According to a CIA officer who worked with Hanson and asked that his name not be used in this story, Elizabeth C. Hanson was known in CIA ranks as an young officer who was undaunted by the toughest assignments. In remarks delivered at a memorial service held for the seven fallen CIA officers on Feb. 5, 2010, the colleague said, “Liz kept a paperweight on her desk wherever she worked with the question inscribed ‘What would you do if you knew you could not fail.’ When given some of our agency’s most difficult missions, Liz was relentless, always seeking to fight terrorists in new and brilliant ways.”
The ceremony at CIA headquarters in Langley, Va., was attended by President Obama, CIA Director Panetta (who knew Hanson), and 200 other government and CIA officials. While the ceremony was solemn, Hanson’s CIA colleague made sure to include the quick wit that Hanson showed even in the most stressful situations. “There are several ‘Lizisms’ I could recite,” the colleague said, in prepared remarks, “but my favorite was when we would brainstorm an idea—which may have been ahead of its time—Liz would remark “Sure that’s going to happen ... and I want a pony!”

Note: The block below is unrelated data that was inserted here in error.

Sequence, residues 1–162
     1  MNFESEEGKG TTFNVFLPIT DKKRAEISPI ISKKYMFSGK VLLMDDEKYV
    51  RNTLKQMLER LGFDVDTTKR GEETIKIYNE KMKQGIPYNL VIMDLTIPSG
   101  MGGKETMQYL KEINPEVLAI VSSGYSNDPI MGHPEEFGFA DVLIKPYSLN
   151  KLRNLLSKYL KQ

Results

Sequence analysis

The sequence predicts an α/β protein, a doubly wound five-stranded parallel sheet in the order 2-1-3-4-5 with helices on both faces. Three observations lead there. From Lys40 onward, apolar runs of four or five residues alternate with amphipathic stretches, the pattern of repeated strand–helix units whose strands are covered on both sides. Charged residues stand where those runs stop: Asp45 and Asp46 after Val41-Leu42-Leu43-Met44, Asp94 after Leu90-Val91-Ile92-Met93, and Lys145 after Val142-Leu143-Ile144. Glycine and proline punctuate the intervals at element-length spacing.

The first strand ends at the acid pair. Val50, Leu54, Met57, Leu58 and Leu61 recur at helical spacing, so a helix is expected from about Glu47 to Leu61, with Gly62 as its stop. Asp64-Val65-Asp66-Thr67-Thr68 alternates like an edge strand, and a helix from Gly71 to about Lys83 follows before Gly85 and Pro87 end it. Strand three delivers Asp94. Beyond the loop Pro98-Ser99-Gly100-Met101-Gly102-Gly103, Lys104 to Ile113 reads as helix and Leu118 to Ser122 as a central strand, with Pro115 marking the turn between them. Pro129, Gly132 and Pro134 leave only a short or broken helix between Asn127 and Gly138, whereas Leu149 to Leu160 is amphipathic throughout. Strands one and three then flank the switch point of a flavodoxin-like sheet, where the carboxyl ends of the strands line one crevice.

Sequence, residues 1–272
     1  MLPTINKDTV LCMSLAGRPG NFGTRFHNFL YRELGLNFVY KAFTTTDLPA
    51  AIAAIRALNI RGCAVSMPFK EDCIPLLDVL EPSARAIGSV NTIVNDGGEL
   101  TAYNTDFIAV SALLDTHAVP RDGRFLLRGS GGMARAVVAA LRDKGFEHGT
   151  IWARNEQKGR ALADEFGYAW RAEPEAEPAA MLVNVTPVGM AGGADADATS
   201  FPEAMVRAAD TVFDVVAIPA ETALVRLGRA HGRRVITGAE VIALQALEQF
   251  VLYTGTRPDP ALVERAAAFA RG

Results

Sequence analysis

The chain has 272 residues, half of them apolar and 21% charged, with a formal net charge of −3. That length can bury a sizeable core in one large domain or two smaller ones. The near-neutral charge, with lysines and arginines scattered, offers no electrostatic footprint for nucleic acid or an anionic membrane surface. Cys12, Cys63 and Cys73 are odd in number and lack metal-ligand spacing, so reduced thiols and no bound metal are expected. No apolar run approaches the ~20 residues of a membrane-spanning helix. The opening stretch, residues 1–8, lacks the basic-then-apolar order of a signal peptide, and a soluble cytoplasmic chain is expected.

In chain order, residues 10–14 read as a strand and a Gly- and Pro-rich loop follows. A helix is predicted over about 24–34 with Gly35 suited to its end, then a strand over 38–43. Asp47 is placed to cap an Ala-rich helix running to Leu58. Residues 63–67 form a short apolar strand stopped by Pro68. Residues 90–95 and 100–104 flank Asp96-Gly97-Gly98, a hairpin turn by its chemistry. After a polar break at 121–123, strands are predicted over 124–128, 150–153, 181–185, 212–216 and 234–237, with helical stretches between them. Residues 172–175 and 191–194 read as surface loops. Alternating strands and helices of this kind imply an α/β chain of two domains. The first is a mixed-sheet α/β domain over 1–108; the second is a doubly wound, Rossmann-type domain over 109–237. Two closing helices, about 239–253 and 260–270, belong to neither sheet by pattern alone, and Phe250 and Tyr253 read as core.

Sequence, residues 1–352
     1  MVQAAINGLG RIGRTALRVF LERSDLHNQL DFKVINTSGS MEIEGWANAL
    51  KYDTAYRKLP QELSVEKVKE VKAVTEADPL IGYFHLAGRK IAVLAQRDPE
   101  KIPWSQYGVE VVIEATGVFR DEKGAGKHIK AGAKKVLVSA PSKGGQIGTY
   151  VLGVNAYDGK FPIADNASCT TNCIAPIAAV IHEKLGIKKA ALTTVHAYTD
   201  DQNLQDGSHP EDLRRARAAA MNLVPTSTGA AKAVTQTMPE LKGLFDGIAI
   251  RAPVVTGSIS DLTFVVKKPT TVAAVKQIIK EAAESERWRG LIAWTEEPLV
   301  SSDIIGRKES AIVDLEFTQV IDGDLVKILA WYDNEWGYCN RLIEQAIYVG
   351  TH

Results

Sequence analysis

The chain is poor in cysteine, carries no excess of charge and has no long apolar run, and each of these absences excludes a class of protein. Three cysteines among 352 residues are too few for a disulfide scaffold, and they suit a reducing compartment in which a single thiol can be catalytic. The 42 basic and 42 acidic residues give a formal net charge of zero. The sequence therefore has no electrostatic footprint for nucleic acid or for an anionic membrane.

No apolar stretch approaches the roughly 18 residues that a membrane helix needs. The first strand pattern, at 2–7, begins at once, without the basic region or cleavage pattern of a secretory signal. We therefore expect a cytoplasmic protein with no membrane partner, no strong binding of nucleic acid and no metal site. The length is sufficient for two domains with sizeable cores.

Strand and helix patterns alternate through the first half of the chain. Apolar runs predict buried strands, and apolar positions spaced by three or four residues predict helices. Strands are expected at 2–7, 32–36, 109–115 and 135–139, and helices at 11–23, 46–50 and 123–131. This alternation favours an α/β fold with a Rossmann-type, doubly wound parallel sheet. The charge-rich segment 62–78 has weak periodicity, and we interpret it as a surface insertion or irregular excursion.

Hanson’s funny and flippant side belied her seriousness about her job. Said CIA Media Spokesperson Preston Golson, “Liz Hanson was a very courageous and talented officer and is remembered by her agency colleagues as being incredibly smart, energetic, and devoted. Colby College has every reason to be proud to have her as an alumna.”
In her more than two years as a targeter at Langley, Hanson had helped find “some of the biggest targets in the jihadist world,” according to Warrick. But she hadn’t worked in the field, which would give her the opportunity to talk to informants directly, ask her own questions. It also would broaden her areas of expertise, which would be needed if she were to continue her rapid ascent through the CIA ranks.
“That’s what I think she was trying to cultivate for herself,” Warrick said. “[The skills] don’t always go hand in hand but, for someone who is on the trajectory she was on, they’re always looking to increase their ability in multiple areas.”